In the medical products and services industry, competitive pressures have made sales performance improvements an important growth strategy.
Key performance indicators (KPIs) can give companies important insight into sales performance—not just raw numbers, but why a product is selling well or poorly, and ways to improve.
So why haven’t some medical products companies eagerly embraced KPIs to help them develop sales strategies?
Kelly Tousi, a ZS Principal with extensive experience working with medical products companies, talks about how key performance indicators have become a critical element in helping shape sales force strategy and operations, why some medical products companies have struggled to develop effective KPIs and how companies that use KPIs can develop a competitive advantage.
KELLY TOUSI: Changes in health care are putting huge revenue pressure on the medical device market for two reasons. The first is that clinical benefits in and of themselves are no longer sufficient to fuel growth. Companies used to rely upon new technology with major clinical benefits to sell their products, but now providers are demanding more information and data on the economic benefits, which takes time and investment to generate.
The second element is on the regulatory side, where the FDA is lengthening the approval process. Since it’s taking longer to get products through the review process, it’s harder to fuel growth with new technology.
KELLY: Companies spend a lot of time launching products; in the old world, you could have a great product and guarantee uptake. In the new world, that’s no longer the case: You need information to be smarter in the market to ensure success. For instance, you need to understand where in the market you will be successful and then measure if this is happening—and why. KPIs are early indicators that help you identify success.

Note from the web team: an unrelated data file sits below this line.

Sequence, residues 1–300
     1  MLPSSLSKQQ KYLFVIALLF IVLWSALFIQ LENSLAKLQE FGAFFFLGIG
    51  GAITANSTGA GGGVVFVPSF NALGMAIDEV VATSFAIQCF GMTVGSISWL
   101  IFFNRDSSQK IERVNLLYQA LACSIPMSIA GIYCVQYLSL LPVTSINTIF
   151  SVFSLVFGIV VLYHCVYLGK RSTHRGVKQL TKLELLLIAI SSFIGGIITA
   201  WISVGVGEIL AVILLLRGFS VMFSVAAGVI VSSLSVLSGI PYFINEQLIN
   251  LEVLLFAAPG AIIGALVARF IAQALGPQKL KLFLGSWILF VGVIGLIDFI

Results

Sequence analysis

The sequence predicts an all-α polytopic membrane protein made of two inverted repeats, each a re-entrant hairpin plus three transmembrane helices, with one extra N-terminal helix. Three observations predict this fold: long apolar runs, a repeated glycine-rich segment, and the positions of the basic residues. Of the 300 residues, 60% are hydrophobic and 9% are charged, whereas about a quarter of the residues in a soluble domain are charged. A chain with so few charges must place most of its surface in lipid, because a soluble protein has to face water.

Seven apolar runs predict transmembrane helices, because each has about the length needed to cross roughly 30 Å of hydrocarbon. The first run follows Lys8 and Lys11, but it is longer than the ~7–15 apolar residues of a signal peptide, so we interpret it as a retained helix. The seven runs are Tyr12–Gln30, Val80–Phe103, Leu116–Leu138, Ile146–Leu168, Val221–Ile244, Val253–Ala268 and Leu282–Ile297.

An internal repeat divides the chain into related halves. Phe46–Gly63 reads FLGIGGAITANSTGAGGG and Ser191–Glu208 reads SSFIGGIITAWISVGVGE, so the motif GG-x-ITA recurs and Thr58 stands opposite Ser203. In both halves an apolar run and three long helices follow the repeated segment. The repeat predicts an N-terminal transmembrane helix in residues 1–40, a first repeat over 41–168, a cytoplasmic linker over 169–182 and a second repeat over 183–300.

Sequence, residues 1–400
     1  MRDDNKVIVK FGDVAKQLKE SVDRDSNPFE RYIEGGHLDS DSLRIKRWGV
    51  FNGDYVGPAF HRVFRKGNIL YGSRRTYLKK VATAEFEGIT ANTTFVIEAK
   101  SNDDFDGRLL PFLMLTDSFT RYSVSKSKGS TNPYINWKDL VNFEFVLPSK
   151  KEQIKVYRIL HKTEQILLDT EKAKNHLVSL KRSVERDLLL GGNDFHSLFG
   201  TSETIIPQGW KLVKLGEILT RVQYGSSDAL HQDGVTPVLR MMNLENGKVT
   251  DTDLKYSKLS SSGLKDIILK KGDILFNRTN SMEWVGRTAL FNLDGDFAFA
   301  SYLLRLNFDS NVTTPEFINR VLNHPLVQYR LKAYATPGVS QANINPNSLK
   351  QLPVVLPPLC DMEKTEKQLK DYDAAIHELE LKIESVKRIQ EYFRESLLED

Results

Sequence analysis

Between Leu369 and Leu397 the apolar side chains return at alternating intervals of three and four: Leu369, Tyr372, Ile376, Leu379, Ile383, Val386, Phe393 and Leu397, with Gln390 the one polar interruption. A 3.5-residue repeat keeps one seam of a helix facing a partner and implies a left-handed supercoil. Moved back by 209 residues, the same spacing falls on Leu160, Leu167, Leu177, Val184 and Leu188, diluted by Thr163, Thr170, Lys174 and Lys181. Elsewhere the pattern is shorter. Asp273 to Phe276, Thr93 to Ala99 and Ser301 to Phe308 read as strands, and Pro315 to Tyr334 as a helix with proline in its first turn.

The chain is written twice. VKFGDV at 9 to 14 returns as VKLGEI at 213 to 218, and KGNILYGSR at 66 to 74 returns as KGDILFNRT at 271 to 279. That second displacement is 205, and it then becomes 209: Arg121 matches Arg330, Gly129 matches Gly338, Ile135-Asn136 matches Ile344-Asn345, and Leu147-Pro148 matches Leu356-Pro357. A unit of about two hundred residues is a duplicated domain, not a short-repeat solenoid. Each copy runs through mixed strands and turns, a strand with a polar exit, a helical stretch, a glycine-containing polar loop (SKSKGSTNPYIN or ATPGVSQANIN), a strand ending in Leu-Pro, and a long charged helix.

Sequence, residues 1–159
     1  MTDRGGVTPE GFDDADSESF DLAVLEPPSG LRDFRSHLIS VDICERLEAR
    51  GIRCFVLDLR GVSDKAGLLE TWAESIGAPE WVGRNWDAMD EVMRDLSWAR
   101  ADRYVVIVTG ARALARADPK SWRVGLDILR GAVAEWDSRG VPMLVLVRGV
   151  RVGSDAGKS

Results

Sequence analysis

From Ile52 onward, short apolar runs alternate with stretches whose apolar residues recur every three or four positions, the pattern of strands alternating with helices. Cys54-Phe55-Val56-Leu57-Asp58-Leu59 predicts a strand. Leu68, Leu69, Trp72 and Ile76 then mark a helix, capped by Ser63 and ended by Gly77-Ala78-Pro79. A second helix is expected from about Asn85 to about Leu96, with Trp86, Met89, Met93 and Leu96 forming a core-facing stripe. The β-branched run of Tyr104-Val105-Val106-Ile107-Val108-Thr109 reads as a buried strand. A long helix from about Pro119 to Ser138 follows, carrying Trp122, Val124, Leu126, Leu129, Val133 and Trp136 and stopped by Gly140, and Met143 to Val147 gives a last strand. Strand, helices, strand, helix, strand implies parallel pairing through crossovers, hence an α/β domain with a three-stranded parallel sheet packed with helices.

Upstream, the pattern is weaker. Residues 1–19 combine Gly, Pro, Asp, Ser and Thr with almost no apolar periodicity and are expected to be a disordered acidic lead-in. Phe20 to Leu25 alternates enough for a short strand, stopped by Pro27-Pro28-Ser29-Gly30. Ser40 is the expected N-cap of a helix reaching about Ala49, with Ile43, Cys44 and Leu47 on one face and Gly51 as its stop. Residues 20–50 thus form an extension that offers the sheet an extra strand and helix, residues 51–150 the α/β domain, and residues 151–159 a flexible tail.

KELLY: KPIs give a concise view of what’s happening in the business, but also provide insight into why. Anybody can see sales going up and down in the aggregate, but KPIs can help show where and why sales are growing and falling, and what measures executives can take to affect change. Statistics are lagging indicators, like average sales, but KPIs are leading indicators, like customer perceptions of product performance.
You need to look under every rock to uncover possible sales. What KPIs will do is uncover the rocks for you and show you the opportunities, rather than forcing you to look everywhere for everything.
KELLY: I’ve worked with a medical products company taking market data, customer data and feedback on sales force interactions, and integrating the information to develop KPIs to evaluate its new sales model. KPIs helped them go beyond comparing sales for the new model versus the old one. They identified leading indicators of sales outcomes—customers’ perceptions and receptivity to messages—and were able to see how different customer segments responded to the new model and how this translated to market share and growth.
So KPIs have enabled the company to refine the new model. They’re looking at costs and finding the most profitable path to pursue. Without this approach, the evidence of the impact of their new sales model would be anecdotal.